Treatment technologies for wastewaters often fail due to the presence of emulsified oils and suspended solids. Wastewaters of interest to the Navy include graywater and bilge water. Bilge water often consists of an oil-water emulsion which may contain a number of suspended solids and chemicals, such as detergents. Several investigators have considered the use of membranes for treatment of oily waters. The Navy currently uses membrane filtration as part of its water treatment operations to ensure water discharged from ships meets effluent discharge requirements. However, membrane fouling, due to the deposition of particulate matter on the surface of the membrane and concentration polarization, limits the use of membranes for water treatment. The Navy is seeking more robust alternative technologies, which could better handle wastewaters. One alternative involves mixing at the membrane interface to suppress deposition of particulate matter and break up the concentration boundary layer.
The objectives of this project were to determine if magnetic nanoparticles could be attached to the surface of membranes via polymeric nanobrushes and if these nanobrushes induce local mixing at the surface of attachment. In addition, this project investigated how the induced mixing is impacted by the design of the magnetic nanobrushes and the applied magnetic field, how the coatings used protect the nanoparticles, and how the strength and oscillation frequency of the external field impact performance. Finally, the project studied how induced mixing impacts the performance of the nanofiltration membrane.
Researchers attached commercially available amine-coated superparamagentic magnetite particles to hydrophilic nanobrushes that are grown from the surface of commercially available nanofiltration membranes. These hydrophilic brushes suppress fouling of the base polyamide membrane. The nanobrushes rotate in an oscillating magnetic field. This in turn creates mixing at the solid fluid interface, which will suppress adsorption of oils and deposition of suspended solids. Thus the magnetically responsive nanobrushes will clean the membrane during filtration. Previous studies indicated the potential value of grafting external stimuli responsive nanobrushes for controlling membrane pore size. Magnetically responsive nanobrushes have the potential to lead to a new generation of antifouling membranes that may be ideal for shipboard applications.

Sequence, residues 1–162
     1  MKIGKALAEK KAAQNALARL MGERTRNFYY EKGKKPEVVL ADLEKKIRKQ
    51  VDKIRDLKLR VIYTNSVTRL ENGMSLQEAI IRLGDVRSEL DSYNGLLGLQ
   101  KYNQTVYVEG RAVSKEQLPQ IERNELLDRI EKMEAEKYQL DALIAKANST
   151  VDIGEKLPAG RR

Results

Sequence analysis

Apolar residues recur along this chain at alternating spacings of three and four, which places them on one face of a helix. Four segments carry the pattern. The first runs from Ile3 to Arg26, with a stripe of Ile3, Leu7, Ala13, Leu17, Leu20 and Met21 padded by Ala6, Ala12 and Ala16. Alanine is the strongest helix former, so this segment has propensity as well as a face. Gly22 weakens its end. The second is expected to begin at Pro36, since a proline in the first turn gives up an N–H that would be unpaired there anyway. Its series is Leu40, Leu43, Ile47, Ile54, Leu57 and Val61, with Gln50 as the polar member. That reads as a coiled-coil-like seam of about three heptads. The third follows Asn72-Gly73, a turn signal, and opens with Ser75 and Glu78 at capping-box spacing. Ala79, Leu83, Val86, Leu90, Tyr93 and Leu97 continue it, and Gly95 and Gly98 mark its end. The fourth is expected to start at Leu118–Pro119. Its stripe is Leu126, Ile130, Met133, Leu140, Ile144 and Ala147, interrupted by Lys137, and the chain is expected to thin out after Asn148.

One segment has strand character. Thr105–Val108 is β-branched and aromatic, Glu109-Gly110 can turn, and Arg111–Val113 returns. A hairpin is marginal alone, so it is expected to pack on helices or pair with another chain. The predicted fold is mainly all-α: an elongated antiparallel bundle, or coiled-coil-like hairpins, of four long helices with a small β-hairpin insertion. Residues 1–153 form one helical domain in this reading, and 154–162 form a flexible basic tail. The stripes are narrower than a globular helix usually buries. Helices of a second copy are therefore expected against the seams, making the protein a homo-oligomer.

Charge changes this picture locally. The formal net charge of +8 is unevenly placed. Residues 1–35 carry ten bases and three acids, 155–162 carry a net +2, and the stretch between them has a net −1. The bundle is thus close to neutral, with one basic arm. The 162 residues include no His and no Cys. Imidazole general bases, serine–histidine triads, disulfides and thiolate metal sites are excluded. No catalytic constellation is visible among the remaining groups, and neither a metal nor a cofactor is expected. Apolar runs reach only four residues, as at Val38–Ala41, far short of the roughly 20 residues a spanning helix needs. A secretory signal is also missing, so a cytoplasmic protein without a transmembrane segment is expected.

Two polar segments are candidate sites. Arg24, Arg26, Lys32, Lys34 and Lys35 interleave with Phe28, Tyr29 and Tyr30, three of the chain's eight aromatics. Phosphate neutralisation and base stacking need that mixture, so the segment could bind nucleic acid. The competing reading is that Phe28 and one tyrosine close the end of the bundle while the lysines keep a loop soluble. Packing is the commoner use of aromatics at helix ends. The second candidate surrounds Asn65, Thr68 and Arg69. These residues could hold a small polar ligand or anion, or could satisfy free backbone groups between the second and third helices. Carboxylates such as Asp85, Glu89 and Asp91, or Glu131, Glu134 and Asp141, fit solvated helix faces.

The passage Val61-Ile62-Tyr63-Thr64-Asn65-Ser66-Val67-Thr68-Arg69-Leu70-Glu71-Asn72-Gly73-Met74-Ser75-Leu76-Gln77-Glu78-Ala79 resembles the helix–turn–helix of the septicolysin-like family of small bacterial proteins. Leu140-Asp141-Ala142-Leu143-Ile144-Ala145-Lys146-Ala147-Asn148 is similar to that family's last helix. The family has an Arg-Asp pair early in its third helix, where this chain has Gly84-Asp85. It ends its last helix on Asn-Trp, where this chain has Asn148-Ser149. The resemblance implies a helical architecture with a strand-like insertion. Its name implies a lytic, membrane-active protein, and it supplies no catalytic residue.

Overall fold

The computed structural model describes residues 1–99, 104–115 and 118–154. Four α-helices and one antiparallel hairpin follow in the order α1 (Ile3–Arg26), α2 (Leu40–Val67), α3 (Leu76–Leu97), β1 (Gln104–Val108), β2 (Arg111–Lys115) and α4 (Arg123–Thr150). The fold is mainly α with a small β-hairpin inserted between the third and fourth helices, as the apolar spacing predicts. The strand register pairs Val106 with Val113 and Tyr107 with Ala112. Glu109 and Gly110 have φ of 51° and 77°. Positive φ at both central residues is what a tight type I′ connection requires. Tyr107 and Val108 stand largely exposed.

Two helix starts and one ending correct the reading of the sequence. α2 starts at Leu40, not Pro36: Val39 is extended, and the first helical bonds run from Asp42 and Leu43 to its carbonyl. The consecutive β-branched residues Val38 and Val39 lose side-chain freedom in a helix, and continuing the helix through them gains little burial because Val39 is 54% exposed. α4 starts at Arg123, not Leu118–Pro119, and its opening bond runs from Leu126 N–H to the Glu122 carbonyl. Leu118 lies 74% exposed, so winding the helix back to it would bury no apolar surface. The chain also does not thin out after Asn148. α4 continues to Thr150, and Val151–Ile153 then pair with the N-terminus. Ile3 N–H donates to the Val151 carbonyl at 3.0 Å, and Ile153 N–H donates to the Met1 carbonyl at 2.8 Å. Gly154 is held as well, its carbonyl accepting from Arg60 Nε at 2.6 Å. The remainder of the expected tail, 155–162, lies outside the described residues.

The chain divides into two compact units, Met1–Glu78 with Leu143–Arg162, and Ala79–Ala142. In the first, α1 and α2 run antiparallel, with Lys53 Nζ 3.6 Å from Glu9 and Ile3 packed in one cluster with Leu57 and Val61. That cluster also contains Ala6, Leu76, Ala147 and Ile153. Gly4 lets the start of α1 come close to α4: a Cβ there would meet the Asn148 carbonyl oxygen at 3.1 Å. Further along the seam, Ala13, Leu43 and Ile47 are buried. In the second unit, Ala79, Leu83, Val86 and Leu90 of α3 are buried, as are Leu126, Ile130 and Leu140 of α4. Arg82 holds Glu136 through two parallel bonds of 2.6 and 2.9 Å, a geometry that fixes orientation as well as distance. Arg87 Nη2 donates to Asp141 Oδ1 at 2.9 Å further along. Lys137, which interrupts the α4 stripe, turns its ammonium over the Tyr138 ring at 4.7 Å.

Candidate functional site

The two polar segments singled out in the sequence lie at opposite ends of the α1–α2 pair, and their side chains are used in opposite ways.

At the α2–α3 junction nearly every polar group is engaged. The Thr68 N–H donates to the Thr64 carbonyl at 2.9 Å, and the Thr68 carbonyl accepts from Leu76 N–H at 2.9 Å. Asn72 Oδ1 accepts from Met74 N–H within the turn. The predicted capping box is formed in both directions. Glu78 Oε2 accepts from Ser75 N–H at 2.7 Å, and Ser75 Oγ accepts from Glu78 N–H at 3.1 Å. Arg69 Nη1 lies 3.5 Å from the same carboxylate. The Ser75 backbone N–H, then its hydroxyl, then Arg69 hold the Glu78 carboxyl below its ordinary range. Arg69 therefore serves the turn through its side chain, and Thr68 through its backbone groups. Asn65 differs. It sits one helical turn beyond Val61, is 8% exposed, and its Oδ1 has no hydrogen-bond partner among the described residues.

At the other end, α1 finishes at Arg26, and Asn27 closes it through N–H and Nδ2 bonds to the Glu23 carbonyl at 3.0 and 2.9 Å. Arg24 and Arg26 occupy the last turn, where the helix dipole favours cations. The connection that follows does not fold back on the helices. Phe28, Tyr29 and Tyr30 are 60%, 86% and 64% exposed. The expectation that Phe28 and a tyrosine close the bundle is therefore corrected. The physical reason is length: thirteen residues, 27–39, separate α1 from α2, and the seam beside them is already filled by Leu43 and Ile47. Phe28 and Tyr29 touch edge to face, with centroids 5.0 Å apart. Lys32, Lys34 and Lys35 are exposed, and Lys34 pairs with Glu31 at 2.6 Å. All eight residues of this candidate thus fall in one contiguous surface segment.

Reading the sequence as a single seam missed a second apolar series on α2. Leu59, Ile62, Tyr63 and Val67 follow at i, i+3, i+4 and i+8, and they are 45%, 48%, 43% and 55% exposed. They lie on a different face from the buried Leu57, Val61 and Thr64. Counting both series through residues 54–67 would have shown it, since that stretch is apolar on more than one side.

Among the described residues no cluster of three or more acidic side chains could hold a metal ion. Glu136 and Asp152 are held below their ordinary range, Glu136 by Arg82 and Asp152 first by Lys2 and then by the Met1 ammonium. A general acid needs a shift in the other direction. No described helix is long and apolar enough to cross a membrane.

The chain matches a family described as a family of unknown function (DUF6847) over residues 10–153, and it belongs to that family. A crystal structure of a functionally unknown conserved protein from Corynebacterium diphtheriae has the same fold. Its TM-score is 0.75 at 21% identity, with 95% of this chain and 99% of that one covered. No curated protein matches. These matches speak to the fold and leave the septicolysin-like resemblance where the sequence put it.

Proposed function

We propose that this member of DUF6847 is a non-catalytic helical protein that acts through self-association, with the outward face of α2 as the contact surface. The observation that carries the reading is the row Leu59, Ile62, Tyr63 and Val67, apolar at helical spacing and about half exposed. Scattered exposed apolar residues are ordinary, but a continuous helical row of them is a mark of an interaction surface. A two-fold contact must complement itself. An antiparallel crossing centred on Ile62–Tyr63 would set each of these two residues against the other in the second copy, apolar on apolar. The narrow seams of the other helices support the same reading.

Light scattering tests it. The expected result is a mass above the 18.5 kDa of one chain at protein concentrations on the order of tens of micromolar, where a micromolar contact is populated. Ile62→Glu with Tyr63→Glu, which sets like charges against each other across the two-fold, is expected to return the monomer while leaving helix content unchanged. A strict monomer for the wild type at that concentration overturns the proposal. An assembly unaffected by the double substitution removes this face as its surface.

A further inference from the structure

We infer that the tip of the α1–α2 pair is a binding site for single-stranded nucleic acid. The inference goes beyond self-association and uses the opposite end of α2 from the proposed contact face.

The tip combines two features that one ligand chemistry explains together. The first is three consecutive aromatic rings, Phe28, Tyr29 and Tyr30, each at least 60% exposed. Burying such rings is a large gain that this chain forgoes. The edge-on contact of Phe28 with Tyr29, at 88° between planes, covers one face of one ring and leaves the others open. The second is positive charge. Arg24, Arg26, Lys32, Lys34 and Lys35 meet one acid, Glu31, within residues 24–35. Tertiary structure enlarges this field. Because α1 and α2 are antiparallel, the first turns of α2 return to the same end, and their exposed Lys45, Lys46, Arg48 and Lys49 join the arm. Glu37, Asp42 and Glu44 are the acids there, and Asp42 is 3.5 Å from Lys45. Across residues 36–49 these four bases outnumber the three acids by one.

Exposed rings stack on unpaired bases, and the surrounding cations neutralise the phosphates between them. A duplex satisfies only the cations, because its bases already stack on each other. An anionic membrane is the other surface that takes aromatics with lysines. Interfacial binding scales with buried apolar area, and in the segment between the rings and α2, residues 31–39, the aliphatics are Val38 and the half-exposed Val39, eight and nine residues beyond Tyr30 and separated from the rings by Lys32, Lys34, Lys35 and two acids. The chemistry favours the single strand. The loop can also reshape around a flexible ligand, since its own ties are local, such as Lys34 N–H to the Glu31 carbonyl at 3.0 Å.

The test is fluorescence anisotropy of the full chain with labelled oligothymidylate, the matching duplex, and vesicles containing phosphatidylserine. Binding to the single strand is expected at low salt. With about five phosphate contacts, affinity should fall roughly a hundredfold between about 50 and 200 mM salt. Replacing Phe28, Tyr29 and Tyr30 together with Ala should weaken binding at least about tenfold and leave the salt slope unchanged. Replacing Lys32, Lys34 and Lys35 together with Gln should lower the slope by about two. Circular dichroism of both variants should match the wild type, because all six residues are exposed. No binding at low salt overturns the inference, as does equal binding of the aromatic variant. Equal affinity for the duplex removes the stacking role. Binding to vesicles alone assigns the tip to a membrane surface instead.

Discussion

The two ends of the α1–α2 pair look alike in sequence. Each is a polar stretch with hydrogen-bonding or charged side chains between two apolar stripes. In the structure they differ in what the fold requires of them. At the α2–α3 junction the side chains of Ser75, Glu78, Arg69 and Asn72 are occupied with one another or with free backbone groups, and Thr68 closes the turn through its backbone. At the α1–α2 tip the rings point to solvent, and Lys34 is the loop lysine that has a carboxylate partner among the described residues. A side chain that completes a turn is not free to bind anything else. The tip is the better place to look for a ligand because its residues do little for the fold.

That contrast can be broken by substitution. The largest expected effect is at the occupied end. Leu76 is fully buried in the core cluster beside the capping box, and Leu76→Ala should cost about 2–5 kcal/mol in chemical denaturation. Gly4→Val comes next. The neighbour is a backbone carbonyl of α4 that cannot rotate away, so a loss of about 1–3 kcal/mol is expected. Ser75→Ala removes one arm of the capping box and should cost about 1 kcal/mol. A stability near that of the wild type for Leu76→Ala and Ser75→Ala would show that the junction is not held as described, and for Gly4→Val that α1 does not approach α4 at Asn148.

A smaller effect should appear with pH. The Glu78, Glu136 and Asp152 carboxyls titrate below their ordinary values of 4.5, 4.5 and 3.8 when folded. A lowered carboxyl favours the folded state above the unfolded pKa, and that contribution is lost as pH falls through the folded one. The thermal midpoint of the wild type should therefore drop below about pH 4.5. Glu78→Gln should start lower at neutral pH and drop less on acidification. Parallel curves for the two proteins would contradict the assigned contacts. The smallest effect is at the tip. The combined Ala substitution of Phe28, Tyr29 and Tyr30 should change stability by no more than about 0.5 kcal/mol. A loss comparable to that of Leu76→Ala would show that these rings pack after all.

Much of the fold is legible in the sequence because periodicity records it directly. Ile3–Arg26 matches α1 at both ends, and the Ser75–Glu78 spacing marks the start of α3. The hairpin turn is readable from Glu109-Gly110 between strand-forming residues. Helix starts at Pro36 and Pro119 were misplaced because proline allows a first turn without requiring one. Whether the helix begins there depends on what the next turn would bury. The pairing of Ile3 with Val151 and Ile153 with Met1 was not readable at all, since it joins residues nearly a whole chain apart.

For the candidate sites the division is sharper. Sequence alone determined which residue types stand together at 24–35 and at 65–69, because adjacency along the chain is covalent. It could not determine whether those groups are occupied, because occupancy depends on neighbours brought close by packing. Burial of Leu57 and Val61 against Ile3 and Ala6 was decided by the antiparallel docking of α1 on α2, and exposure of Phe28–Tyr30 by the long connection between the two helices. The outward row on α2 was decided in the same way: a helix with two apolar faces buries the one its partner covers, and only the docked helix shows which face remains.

The results of this Limited Scope project successfully answered the questions posed by the objectives. Superparamagnetic nanoparticles may be attached to commercially available nanofiltration membranes. In an oscillating magnetic field, it was shown that the magnetically active polymer brushes do induce movement of water at the membrane surface. Thus, the attachment protocols developed for growing polymer brushes from the membrane surface and attaching the nanoparticles to the polymer brushes results in brushes that are able to move in an oscillating magnetic field. Theoretical calculations support these experimental findings.
Dead-end filtration experiments indicate that movement of the magnetically responsive nanobrushes leads to enhanced permeate fluxes and improved rejection by the membrane due to reduced deposition of insoluble particulate matter and suppression of concentration polarization. The results of this project are significant for a number of reasons and provide a strong foundation for further investigation. The initial hypothesis, that magnetically responsive membranes are fouling resistant, is validated.
This project has provided important data to support the practical viability of magnetically activated self-cleaning membranes. In particular, the modified nanofiltration membranes to be developed have a pore size ranging from 1-100 Å, so little change to current operating practices will be required. Key features also include no increase in footprint compared to current filtration systems, no additional unit operations to pretreat waste streams, and no new chemicals and supplies that require storage. The new self-cleaning membranes represent a non-mechanical system that will be fully automated and may be cleaned in place. They are lightweight, robust, and will be more efficient than current filtration membranes.